PSNI surveillance report fails to reassure Policing Board

PSNI surveillance report fails to reassure Policing Board

A PSNI report on the use of covert surveillance against journalists and lawyers has not provided adequate reassurances, the Northern Ireland Policing Board has said.

The 60-page report, published yesterday, states firmly: “The central public concern has been that there was widespread, and unjustified, surveillance of journalists and to a lesser extent lawyers.

“Without pre-judging the outcome of the independent review, the Police Service believes that this is not made out by the facts.”

The report comes ahead of an independent review to be led by London lawyer Angus McCullogh KC, as well as hearings before the Investigatory Powers Tribunal (IPT) in October.

Mukesh Sharma MBE DL, chair of the Policing Board, said: “The Board has today considered the report into PSNI use of covert powers in relation to journalists and lawyers which the Chief Constable has committed to publishing. The Board welcomes the further transparency that publication of the report will provide.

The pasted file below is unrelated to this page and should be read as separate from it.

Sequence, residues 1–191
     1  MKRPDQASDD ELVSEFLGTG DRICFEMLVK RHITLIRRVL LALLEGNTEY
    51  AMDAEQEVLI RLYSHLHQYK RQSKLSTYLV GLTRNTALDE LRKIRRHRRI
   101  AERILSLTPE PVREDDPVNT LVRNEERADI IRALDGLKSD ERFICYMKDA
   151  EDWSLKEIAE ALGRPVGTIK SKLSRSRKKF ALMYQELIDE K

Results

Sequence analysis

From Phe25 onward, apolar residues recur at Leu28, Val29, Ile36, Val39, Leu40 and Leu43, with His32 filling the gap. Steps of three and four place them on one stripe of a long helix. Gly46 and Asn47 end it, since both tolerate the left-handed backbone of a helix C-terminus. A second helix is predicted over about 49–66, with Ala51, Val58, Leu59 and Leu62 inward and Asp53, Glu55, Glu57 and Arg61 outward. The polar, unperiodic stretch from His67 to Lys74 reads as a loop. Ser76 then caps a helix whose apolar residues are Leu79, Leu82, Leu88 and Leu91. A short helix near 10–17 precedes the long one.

“However, the report does not give the Board all the assurance it needs. The McCullough review process may do so, and the Board will receive updates as that work progresses.”

Mr Sharma added: “The Board takes its human rights monitoring duties seriously. The emphasis we have put on police use of covert surveillance has contributed to the establishment of these arrangements.

“Police surveillance remains a focus of the Board’s human rights work and has constituted a large part of our recent review of privacy and policing.

“The Board awaits the conclusion of the McCullough review and remains open to all courses of action to ensure there is proper accountability on these issues, and will continue to pursue the question of the use of police surveillance powers directly with the Chief Constable.”

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